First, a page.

The tourism sector has welcomed the partial lifting of the ban on the sale and transportation of alcohol and the shortening of the curfew under the Adjusted Alert Level 3 Lockdown restrictions.
President Cyril Ramaphosa announced this last night after the country recorded the lowest daily increase in coronavirus infections.
The sale of alcohol from retail outlets will be permitted from Monday to Thursday between 10am to 6pm.
Curfew is now from 11pm until 4am.
Onsite consumption in restaurants and taverns will be from 10am to 10pm, as seen in the tweet below:
President @CyrilRamaphosa: Restrictions on the sale of alcohol will be eased. The sale of alcohol by licensed premises for off-site consumption will be permitted from Mondays to Thursdays, from 10am to 6pm. pic.twitter.com/Ln2xBTctlD
— Presidency | South Africa ?? (@PresidencyZA) February 1, 2021
Beaches, dams, public swimming pools, recreational parks have also been reopened.
Tourism Business Council of South Africa CEO, Tshifhiwa Tshivhengwa, says this is a welcome relief for the industry.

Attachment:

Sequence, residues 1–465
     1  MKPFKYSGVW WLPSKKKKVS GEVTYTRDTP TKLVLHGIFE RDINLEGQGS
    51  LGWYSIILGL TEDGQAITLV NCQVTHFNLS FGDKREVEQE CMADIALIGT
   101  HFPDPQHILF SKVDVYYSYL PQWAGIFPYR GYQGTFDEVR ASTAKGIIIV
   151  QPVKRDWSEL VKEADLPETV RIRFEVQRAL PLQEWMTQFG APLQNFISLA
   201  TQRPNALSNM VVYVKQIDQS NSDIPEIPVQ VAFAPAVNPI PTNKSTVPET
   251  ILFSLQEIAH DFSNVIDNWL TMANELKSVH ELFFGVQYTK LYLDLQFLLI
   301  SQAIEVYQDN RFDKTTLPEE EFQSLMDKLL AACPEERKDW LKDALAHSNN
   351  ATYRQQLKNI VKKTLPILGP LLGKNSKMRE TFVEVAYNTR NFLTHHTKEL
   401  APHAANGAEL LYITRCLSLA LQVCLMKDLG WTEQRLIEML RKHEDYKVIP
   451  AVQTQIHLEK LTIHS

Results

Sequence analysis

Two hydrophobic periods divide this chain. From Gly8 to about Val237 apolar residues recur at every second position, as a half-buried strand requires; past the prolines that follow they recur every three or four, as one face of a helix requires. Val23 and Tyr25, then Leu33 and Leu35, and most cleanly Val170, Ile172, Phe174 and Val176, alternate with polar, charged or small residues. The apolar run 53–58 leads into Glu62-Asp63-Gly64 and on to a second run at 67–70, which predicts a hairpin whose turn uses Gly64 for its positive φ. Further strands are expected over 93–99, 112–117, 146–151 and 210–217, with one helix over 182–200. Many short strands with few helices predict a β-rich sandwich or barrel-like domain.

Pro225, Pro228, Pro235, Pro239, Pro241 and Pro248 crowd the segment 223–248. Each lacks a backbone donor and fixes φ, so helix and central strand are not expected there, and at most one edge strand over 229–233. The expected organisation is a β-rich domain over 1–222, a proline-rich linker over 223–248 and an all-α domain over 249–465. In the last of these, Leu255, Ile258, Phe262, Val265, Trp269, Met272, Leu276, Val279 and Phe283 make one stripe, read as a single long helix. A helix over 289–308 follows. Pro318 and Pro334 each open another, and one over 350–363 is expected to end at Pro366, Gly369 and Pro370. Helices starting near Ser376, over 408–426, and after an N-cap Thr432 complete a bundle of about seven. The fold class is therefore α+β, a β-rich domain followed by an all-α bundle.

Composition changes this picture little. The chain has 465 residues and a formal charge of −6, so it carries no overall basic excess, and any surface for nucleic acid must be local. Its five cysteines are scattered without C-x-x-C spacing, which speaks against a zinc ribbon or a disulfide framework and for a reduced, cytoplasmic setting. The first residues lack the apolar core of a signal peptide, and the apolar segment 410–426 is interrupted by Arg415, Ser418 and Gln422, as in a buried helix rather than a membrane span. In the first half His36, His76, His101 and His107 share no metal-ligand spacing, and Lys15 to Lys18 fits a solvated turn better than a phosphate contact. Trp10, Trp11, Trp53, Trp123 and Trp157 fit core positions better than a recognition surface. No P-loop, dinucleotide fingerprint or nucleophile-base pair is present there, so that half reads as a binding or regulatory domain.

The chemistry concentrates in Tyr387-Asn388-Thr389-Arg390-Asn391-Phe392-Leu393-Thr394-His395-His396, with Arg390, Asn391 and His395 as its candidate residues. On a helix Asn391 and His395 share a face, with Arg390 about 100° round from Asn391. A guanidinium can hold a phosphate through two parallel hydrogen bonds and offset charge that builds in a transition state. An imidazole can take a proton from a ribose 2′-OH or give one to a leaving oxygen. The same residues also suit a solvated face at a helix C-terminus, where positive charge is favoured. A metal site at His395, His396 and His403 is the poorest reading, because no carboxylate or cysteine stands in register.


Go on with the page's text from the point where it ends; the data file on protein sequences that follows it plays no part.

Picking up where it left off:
“From the restaurants side, we can be able to trade longer hours and we can be able to trade on alcohol. It means that a lot of people that have been sitting at home can be able to go back to work and also that will impact on the hotels, accommodation premises where they have a liquor licence. They should be able to also trade the same hours as the restaurants which is a big positive,” says Tshivhengwa.
The National Liquor Traders’ Council says although it welcomes partial lifting on the ban, it will take the liquor industry a long time to recover its losses.
“The summer period represents almost 80% of annual sales of liquor traders. So because we were not able to fully participate in that space it means that we have to play catchup. We haven’t been operating for almost 18 weeks since lockdown started, but in the last lockdown we haven’t operated for almost 35 days. It’s going to be very difficult for us. Our main worry is that the 260 000 jobs that are linked to the tavern sector will not be fully absorbed back into the fold,” says the council’s spokesperson, Lucky Ntimane.
Impact of alcohol ban across industries
The tourism and hospitality industries have been the hardest hit by the alcohol ban.
People are anxious about the survival of their businesses because of the loss of income endured throughout the various alcohol bans.
In Soweto, restaurants lamented being dealt a double whammy with the alcohol ban, coupled with load shedding.
Restaurant owners in the area say they’ve lost 80% of patrons since the alcohol sale ban was effected in late December last year: